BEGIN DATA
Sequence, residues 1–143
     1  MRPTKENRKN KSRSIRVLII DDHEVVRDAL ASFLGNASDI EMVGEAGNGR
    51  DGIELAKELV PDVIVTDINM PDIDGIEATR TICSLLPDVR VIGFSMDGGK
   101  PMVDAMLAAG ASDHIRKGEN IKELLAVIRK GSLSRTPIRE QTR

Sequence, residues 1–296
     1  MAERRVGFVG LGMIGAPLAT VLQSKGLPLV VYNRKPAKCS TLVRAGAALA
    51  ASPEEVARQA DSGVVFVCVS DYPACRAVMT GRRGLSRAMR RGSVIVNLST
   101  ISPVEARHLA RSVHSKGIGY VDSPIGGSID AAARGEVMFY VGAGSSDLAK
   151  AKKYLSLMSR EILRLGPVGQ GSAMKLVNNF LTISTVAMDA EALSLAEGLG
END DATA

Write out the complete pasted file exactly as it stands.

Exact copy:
Sequence, residues 1–143
     1  MRPTKENRKN KSRSIRVLII DDHEVVRDAL ASFLGNASDI EMVGEAGNGR
    51  DGIELAKELV PDVIVTDINM PDIDGIEATR TICSLLPDVR VIGFSMDGGK
   101  PMVDAMLAAG ASDHIRKGEN IKELLAVIRK GSLSRTPIRE QTR

Sequence, residues 1–296
     1  MAERRVGFVG LGMIGAPLAT VLQSKGLPLV VYNRKPAKCS TLVRAGAALA
    51  ASPEEVARQA DSGVVFVCVS DYPACRAVMT GRRGLSRAMR RGSVIVNLST
   101  ISPVEARHLA RSVHSKGIGY VDSPIGGSID AAARGEVMFY VGAGSSDLAK
   151  AKKYLSLMSR EILRLGPVGQ GSAMKLVNNF LTISTVAMDA EALSLAEGLG